More and more academic libraries and large national repositories are converting their printed book collections into digital formats. These collections are in various stages of development. Of crucial importance is the need for these institutions to have a centralized mechanism so that they can record information such as which items have been or are about to be digitized, where and how they can be accessed, and what technical standards and specifications have been followed. The Digital Library Federation (DLF) has taken the initiative to create a registry of digital formats that all participating institutions may contribute to and use. National libraries and archives, bibliographical networks, and major universities in the U.S., Canada, and the United Kingdom have shown some early interest in this project.
In 2000, the Bibliothèque nationale de France (BNF) issued the largest single library available online. The BNF made available to the public more than 35,000 volumes from the Middle Ages through the early twentieth century on its Gallica website. Multiple search criteria are available in Gallica: author, title words, date, subject, and the full-text of the catalog entries. Researchers visiting the website can access a wide range of retrospective texts in the areas of Jewish history, language, religion, and society including works by Julius Furst, Jacob Guttman, Elijah Levita, Johannes Buxtorf, Josephus, Maurice Vernes, Bartolocci, and many other texts from the sixteenth to the nineteenth centuries.
The Bibliotheca Rosenthalia is digitizing its holdings of works by Menasseh ben Israel. The electronic version of the Menasseh ben Israel collection consists of more than 11,000 digital images. Users can navigate easily through the collection and the individual editions. Brief descriptions of the books are provided, and each entry has a link to the full text of the description with annotations and to the pages of the book itself.
The Jewish National and University Library (JNUL) in Jerusalem is planning a major project to scan out-of-print books to enhance preservation and security in house, as well as to provide outside access. The project will begin with 5,000 rare titles.
Consortia and collaborations have also been formed to promote the production of electronic books. As a response to the relatively small number of titles available electronically in the humanities and social sciences, the American Council of Learned Societies (ACLS) initiated the History E-book Project. This project aims to offer both new titles in electronic format (eighty-five history titles through 2004), and also digitally convert retrospective history titles. These titles are searchable by author, title, and subject, as well as full-text. The number of Jewish studies titles available at this website is very limited.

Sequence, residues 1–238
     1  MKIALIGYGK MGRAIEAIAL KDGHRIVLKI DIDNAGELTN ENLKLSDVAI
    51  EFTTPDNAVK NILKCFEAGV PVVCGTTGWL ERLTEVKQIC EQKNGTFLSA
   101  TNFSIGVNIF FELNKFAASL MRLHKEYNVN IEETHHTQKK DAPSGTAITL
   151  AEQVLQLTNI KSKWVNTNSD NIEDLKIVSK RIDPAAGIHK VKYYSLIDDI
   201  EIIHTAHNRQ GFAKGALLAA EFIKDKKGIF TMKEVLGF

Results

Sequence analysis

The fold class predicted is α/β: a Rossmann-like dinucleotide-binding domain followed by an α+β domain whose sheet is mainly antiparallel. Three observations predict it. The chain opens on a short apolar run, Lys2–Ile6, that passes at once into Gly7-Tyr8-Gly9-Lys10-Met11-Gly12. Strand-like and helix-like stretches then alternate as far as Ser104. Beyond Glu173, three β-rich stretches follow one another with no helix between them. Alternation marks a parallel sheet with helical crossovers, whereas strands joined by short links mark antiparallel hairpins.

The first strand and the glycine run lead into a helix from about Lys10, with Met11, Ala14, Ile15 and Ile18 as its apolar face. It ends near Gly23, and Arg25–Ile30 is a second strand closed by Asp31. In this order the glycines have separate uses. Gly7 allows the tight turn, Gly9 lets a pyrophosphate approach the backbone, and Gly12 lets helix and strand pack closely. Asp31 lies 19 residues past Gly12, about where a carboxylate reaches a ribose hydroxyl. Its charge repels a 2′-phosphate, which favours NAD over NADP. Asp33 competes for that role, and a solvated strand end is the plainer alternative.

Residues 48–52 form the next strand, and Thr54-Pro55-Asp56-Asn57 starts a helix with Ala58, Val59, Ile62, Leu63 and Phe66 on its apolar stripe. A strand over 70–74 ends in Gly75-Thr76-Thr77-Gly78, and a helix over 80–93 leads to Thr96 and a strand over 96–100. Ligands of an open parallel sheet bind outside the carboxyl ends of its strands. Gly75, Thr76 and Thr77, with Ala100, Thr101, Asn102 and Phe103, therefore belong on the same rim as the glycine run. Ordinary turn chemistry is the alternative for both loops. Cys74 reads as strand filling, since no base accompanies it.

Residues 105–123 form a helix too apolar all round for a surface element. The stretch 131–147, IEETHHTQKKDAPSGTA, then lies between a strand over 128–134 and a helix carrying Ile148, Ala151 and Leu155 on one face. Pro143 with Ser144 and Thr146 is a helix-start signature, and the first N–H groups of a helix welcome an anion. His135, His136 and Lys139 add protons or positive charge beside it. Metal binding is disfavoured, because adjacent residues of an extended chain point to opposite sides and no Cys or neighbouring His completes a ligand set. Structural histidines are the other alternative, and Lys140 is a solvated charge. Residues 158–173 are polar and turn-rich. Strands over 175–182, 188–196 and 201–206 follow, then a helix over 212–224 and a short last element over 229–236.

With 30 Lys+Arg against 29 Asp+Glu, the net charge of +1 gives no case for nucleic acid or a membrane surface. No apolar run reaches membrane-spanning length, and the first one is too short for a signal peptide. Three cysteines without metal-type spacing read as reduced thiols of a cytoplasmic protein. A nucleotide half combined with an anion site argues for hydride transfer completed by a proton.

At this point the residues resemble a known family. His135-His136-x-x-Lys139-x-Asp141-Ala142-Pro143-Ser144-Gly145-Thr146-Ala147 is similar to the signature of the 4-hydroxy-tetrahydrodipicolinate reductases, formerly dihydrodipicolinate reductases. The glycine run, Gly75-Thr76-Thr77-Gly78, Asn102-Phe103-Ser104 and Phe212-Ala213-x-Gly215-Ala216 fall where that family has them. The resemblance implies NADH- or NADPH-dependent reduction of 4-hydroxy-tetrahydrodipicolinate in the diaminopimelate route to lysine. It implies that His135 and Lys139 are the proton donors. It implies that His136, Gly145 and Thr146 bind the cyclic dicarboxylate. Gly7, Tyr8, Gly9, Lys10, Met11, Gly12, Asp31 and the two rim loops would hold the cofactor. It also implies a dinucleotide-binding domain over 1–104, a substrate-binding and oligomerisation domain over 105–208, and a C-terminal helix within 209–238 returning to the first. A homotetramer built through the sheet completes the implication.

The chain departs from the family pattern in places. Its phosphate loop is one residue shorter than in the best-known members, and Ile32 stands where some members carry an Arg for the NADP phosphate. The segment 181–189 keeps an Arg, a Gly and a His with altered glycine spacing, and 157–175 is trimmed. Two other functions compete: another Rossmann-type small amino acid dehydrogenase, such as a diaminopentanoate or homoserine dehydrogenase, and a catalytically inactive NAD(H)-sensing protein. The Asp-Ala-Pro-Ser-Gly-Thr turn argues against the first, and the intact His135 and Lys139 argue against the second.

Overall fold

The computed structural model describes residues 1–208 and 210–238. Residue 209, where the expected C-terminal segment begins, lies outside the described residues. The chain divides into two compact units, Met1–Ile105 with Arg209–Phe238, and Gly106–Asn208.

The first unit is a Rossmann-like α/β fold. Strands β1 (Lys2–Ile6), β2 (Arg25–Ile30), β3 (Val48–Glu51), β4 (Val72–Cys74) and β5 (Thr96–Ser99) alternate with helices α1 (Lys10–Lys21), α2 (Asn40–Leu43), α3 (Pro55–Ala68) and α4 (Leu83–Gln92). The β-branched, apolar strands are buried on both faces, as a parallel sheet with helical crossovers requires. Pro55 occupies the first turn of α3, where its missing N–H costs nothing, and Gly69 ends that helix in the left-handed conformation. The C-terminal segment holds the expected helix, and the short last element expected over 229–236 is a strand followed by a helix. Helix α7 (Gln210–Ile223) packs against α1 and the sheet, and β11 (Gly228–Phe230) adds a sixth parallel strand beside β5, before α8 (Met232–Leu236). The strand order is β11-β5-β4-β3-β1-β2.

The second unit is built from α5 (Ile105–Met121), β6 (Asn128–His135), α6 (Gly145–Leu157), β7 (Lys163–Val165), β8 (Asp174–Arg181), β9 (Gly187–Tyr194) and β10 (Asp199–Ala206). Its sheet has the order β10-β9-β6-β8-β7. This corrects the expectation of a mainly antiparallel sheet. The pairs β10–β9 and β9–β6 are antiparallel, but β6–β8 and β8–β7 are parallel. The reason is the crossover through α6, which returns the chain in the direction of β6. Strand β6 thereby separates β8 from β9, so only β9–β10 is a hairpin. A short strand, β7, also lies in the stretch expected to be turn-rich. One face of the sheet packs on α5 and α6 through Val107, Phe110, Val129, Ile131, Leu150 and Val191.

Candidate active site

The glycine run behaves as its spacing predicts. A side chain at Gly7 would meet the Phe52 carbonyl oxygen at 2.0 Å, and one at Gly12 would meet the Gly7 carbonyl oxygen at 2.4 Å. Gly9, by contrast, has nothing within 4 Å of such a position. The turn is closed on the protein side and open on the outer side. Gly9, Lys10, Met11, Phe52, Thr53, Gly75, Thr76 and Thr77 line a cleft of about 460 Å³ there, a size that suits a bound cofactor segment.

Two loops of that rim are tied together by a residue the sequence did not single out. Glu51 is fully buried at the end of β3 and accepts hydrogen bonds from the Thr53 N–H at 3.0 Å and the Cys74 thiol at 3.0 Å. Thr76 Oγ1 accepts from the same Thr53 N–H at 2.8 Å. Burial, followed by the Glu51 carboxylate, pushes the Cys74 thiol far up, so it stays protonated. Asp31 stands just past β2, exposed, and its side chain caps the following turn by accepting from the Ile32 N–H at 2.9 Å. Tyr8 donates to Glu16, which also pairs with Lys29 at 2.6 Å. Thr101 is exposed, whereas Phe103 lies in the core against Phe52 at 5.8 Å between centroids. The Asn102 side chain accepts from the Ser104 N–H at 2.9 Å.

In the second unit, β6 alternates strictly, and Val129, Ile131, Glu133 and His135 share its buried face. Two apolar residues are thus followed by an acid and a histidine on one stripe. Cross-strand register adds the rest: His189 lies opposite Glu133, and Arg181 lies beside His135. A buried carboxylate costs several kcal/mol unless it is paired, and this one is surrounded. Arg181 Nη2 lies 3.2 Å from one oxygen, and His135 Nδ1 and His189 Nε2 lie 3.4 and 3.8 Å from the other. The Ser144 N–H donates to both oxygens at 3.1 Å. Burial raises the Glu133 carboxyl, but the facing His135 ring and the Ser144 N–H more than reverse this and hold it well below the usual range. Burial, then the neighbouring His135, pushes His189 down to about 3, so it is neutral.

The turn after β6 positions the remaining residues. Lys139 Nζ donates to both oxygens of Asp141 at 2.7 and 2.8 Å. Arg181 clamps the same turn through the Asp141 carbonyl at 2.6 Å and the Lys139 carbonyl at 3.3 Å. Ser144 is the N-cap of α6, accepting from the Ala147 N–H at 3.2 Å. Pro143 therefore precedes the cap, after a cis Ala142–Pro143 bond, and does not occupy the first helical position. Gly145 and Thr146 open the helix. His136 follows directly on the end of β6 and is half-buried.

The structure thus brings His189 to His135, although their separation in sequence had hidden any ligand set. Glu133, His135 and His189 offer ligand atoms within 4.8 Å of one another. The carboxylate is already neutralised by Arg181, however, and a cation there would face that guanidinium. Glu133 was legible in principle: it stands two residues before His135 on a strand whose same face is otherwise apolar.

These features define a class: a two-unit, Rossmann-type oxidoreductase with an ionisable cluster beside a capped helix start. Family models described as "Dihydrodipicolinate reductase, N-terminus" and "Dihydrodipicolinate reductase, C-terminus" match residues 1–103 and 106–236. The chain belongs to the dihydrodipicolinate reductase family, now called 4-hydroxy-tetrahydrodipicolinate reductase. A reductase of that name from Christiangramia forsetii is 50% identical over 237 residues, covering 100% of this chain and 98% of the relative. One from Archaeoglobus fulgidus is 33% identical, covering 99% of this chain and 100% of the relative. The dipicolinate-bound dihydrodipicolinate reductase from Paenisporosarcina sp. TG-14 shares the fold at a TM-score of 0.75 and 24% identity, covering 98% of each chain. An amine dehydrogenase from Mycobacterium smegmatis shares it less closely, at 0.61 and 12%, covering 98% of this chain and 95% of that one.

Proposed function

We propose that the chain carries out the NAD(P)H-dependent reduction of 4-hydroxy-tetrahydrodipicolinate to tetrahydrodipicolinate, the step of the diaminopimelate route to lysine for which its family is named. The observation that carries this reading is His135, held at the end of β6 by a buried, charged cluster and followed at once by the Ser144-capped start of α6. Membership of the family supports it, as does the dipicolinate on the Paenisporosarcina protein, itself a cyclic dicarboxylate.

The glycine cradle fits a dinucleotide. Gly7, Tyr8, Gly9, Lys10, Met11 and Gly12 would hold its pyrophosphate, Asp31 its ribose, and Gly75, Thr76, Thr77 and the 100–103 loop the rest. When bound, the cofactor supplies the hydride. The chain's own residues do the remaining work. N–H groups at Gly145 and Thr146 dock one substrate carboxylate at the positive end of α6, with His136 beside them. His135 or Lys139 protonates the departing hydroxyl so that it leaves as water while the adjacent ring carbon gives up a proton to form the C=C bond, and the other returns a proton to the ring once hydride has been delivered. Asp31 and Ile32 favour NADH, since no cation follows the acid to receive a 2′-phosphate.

The California Digital Library (CDL) is a collaborative effort of the ten campuses of the University of California. Among its offerings is the eScholarship Editions, which provides a growing collection of electronic editions of academic monographs, a significant number of which are freely available to the public. Current offerings in Jewish Studies number about fifty to sixty titles. eScholarship uses Extensible Markup Language (XML) and Java-based technologies to support its electronic editions. What this means is that the structure and meaning of a document can be specified by tags that enable sophisticated searching and displays. CDL uses tags defined by the Text Encoding Initiative (TEI), an international project set up "to develop guidelines for the preparation and interchange of electronic texts.”
Increasingly over the past three or four years, printed texts have begun to be packaged and offered commercially as electronic books. Commercial vendors such as eBrary, netLibrary, and Questia accompany their texts with an array of research tools including dictionaries, encyclopedias, and other features. There is not, as of yet, a single accepted standard for commercially produced electronic monographs that serve both publishers' needs and those of the end-users. These texts are usually “published” in a proprietary format that may require reformatting or scanning of the print version to conform to the requirements of a particular vendor's system. Texts found in eBrary are offered in a proprietary PDF format, allowing for the original look and layout of the book to be maintained. The texts are acquired directly from publishers and sold to libraries rather than to individual users. Its list of publishers includes many of the leading academic presses. A simple subject search in eBrary reveals 56 titles under Judaism, 65 under Jews, 69 under Jewish, 3 under Hebrew, and 5 under Yiddish.
More and more institutions, commercial publishers, consortia, and individuals are taking the initiative to move printed books into the digital environment. The number of titles of importance to Jewish studies is limited and narrow in scope. It is imperative that Jewish studies scholars including publishers, academics, and librarians join together to coordinate the planning and development of standards for selecting, accessing, describing, and archiving of their important books in an electronic environment.
Heidi G. Lerner is the Hebraica/Judaica Cataloger at Stanford University Libraries.